Commando Attack!

One for a quiet afternoon. Commando Attack. A Spaghetti war film from 1970, which is sometimes called Churchill’s Leopards.

Crazy plot but fun and entertaining in its way. Certainly better than most of the films in its genre made in Italy at that time.

Classic paperbacks #4: Where Eagles Dare

Where Eagles Dare
        Where Eagles Dare

The novel version of Alistair MacLean’s Where Eagles Dare is not all that it seems.

It’s a classic thriller made into an explosion-filled, action-packed film.

Well, not quite.

In fact, the book started out as the film.

Producer Elliott Kastner approached MacLean directly and asked him for an original script.

MacLean wrote the script and then the book to coincide with the movie’s release.

Years later, Kastner remember the moment he first approached the author.

“I rang Alistair MacLean at his home in Surrey, and told him that I would really like to meet with him.  He refused; he didn’t wanna meet without my telling him more details.  So I told him:  I wanted him to consider writing an original story, directly for the screen.  There was a moment of silence, followed by ‘Hmm, nobody ever asked me that before…’

“ ‘So’, he said, ‘What is it you want?’  ‘I want a team of five or six guys on a mission in the Second World War, facing enormous obstacles.  I want a mystery.  I want a sweaty, exciting adventure movie.’  That’s all I told him, just that.”

And in the book and film that is exactly what we got!

The heroes of the raid on St Nazaire

Raid on St Nazaire
Raid on St Nazaire

A ceremony has been held to remember the heroes of the raid on St Nazaire.

In March 1942, more than 600 men left Falmouth in Cornwall in a flotilla of three destroyers and 16 smaller boats.

The special fleet included HMS Campbeltown, which was packed with explosives and was used to to ram into the gates of the docks in the French port.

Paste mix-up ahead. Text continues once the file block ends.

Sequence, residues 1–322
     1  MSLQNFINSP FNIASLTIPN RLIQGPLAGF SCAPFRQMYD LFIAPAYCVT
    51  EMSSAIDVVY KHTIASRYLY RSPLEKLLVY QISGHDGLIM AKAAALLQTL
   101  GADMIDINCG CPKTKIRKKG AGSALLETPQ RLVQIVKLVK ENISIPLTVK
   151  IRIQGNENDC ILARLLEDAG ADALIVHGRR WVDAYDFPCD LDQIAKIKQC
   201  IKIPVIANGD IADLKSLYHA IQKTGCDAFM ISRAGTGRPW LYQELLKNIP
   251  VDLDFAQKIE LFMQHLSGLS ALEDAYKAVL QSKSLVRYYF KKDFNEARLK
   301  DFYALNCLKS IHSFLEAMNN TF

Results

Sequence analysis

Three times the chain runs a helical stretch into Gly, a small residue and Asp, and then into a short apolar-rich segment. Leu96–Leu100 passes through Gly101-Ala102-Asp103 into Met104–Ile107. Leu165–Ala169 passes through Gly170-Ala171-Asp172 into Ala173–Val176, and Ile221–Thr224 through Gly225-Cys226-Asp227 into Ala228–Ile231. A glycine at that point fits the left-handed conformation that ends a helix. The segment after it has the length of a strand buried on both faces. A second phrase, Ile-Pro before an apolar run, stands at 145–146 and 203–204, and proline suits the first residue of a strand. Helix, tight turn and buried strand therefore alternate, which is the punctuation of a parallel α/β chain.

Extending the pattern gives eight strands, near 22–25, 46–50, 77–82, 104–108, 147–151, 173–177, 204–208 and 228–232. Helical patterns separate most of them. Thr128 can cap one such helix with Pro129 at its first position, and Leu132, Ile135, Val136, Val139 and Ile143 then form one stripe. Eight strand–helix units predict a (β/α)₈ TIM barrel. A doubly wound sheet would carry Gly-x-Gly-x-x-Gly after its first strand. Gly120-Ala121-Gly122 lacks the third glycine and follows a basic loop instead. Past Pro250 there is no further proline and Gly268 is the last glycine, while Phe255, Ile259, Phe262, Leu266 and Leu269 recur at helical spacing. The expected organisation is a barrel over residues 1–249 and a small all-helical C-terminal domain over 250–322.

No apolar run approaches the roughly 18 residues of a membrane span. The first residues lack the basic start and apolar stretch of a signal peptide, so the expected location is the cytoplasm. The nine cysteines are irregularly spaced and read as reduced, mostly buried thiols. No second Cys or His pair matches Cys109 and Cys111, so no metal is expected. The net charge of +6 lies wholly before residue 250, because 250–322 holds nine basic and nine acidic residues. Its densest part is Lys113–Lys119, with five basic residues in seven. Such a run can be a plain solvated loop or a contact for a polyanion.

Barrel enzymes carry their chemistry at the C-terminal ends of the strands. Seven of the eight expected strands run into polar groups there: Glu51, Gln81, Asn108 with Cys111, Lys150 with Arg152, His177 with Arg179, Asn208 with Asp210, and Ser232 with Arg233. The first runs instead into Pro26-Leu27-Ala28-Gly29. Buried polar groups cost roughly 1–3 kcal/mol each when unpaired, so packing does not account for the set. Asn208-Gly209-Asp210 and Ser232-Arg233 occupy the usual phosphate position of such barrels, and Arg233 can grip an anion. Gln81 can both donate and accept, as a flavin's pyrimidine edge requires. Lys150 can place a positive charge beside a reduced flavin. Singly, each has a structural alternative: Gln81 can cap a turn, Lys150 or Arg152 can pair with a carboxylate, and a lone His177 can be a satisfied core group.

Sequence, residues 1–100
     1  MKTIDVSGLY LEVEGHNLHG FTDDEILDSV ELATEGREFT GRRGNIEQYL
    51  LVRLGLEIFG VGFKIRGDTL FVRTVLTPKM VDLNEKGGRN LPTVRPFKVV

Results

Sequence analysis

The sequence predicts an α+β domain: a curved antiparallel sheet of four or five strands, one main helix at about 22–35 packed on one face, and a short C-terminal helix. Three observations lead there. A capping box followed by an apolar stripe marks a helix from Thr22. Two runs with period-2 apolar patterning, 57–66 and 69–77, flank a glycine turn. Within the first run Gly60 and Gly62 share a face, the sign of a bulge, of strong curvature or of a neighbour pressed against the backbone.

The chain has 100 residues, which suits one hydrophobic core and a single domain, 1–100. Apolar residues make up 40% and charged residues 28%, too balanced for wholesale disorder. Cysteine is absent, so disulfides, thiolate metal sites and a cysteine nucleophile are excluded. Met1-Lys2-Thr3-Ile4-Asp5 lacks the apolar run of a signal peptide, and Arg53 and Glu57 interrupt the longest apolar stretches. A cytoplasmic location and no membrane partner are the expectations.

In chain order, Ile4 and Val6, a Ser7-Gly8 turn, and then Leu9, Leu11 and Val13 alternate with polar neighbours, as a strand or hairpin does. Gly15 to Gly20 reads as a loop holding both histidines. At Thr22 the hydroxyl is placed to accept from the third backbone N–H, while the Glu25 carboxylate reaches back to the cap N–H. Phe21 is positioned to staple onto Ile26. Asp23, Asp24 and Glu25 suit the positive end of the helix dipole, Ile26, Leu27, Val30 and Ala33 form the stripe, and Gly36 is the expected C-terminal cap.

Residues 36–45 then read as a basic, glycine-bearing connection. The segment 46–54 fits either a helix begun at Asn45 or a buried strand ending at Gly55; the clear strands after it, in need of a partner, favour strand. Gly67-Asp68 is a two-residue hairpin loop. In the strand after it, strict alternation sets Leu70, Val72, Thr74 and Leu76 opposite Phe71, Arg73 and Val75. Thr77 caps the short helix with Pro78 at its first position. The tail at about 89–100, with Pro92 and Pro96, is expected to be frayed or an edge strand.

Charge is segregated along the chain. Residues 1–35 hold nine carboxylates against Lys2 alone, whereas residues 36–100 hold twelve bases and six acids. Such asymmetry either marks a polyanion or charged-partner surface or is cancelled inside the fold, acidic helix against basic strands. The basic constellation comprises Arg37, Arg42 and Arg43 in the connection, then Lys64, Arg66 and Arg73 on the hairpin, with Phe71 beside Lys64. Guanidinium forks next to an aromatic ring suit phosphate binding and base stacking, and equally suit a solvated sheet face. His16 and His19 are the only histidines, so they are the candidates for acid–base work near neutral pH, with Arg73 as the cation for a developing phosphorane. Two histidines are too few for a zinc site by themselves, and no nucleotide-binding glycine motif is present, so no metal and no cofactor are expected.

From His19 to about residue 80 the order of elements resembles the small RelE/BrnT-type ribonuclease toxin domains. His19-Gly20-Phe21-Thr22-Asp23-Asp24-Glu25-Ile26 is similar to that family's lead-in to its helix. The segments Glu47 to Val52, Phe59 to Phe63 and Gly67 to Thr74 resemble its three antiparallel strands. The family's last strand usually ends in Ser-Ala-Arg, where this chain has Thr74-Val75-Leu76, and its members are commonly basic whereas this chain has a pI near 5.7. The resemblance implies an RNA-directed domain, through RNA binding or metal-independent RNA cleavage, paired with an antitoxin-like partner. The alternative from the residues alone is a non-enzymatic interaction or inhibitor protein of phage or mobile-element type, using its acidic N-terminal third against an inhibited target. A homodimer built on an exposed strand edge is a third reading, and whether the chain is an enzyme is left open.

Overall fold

HMS Campbeltown being converted for the raid
HMS Campbeltown being converted for the raid

St Nazaire was targeted because the loss of its dry dock would force any large German warship in need of repairs, such as the Tirpitz, to return to home waters rather than having a safe haven available on the Atlantic coast.

HMS Campbeltown wedged in the dock gates
HMS Campbeltown wedged in the dock gates

The raid put the dry dock out of commission until the end of the war – but success came at a cost. Of the 622 men of the Royal Navy and Commandos who took part in the raid, only 228 men returned to England.

Heroes as prisoners
Heroes as prisoners

One hundred and sixty-nine men were killed and another 215 became prisoners of war. The fallen British raiders were buried at the Escoublac-la-Baule cemetery, near St Nazaire, with military honors.

Commandos under prison escort
Commandos under prison escort

Five of the raiders escaped overland via Spain.

Eighty-nine awards and medals were bestowed for the raid, including five Victoria Crosses.

The organiser of this weekend’s event in Falmouth, Eric Dawkins, stated:  “The destruction of the dock meant those facilities were no longer able to be used. Falmouth played a major part.

“I’ve known these veterans [who took part], including those few who are still remaining, for 30-odd years and know their tales.”

 

Lord Lovat

Lord Lovat Memorial
Lord Lovat Memorial

This is the statue of Lord Lovat at Sword Beach, Normandy.

Lovat was seriously wounded at the Battle of Breville (see previous post) on June 12, 1944.

He recovered and has gone down in legend as leader of D-Day’s 1st Special Service Brigade.

 

A D-Day Veteran’s Return to Normandy

Bayeux War Cemetery
Bayeux War Cemetery

A year ago today I was fortunate to be in France with Ted Owens, a veteran of 41 Commando who landed on Sword Beach on D-Day.

Ted, aged 88 and from Pembroke Dock, Wales, returned to the spot at which he had been wounded during the landings.

Ted was badly injured on the beach within a few minutes of the landing and was sent back home. He returned to his unit in August and later fought in Belgium and the Netherlands.

On June 6, we headed to Bayeux War Cemetery. Ted was keen to find the grave of a fallen comrade from 41 Commando.

Ted Owens at Bayeux War Cemetery
Ted Owens at Bayeux War Cemetery

He found the grave of Marine Ernest Spence, from Royton, Lancashire, and laid a small wooden cross.

Ernest Spence, killed on D-Day.
Ernest Spence, killed on D-Day.

Ted’s trip was filmed for a television programme called ‘Welsh Heroes of World War 2: D-Day Commando’, which is available to watch online here.